Plagiarism Paralysis

I’ve want to write a post about plagiarism, with reference to an excellent series of educational “what-is-plagiarism?” posters that I recently discovered.

But, the company publishing the posters won’t return my emails asking for permission to reproduce them.

[Plagiarism Paralysis was written by G. Brooke Lester for Anumma.com and was originally posted on 2011/04/06. Except as noted, it is © 2011 G. Brooke Lester and licensed for re-use only under CC BY-NC-ND 3.0.]

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3 Responses

  1. As long as you give proper citation, wouldn’t they fall under fair use?

    Then again, you could always just link to the content and avoid the whole issue.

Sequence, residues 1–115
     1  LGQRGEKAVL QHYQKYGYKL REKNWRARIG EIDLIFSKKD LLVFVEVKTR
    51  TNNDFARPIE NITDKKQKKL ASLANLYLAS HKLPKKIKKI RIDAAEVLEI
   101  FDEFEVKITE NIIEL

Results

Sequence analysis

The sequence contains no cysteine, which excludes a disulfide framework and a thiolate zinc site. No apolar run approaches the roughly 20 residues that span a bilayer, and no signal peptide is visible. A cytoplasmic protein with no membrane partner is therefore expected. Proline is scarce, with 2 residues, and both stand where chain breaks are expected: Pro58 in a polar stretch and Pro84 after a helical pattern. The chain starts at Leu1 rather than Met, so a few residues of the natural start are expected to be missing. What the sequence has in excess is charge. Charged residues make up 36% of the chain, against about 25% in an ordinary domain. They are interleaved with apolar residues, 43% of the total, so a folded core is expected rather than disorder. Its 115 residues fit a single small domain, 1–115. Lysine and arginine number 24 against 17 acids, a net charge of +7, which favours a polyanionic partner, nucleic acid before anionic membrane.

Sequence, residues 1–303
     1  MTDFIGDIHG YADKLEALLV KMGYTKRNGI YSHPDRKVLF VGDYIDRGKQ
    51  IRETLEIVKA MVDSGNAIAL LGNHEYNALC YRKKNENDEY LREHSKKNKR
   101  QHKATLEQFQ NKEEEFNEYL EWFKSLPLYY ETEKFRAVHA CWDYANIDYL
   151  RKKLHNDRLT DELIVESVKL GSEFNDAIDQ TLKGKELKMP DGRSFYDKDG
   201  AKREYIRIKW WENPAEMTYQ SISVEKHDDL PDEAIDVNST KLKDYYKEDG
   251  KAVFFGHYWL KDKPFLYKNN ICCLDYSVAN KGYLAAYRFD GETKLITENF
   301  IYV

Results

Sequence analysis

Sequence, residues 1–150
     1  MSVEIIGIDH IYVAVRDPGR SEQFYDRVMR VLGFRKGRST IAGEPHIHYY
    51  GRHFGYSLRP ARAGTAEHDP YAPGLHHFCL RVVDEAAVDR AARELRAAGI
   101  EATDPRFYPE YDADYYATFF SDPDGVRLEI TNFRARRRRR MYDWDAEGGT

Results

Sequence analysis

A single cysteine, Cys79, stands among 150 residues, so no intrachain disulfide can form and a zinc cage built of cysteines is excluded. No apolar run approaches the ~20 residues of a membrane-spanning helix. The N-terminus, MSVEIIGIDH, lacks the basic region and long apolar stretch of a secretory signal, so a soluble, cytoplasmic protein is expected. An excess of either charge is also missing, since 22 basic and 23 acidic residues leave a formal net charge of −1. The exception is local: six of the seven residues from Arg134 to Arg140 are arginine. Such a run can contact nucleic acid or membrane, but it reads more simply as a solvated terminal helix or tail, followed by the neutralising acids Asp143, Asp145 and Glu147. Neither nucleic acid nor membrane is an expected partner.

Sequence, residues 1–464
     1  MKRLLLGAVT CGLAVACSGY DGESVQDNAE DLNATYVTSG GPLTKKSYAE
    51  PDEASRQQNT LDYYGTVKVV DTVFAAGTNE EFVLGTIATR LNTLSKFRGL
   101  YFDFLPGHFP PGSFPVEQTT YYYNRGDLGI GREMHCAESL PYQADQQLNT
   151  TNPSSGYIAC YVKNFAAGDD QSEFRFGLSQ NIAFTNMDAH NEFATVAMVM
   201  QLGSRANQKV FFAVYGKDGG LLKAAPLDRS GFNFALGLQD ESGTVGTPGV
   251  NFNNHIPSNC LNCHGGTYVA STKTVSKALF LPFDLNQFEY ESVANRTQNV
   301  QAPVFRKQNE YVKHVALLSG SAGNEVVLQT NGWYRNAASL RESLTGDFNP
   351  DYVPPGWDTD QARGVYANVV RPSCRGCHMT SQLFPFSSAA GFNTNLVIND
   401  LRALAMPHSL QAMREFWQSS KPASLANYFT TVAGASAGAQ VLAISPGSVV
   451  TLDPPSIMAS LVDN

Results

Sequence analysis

2. Hi Jim,
    My understanding of fair use is as murky as anybody’s, but I *think* that a work of art is always as “stand alone” piece that calls for permission (so, I believe, with an illustration from a book: it’s not considered a part of the book, but a stand-alone work). But again, I don’t consider myself that well-informed.

    The company web site, unfortunately, doesn’t show the posters fully.

    If I can’t get their attention soon, I may just go ahead, with a plan to pull the pictures if they ask me to.

  3. irony. that’s just too darned funny. love the lo-fi pda too from another post. Thanks for the tip on the velocity notes.

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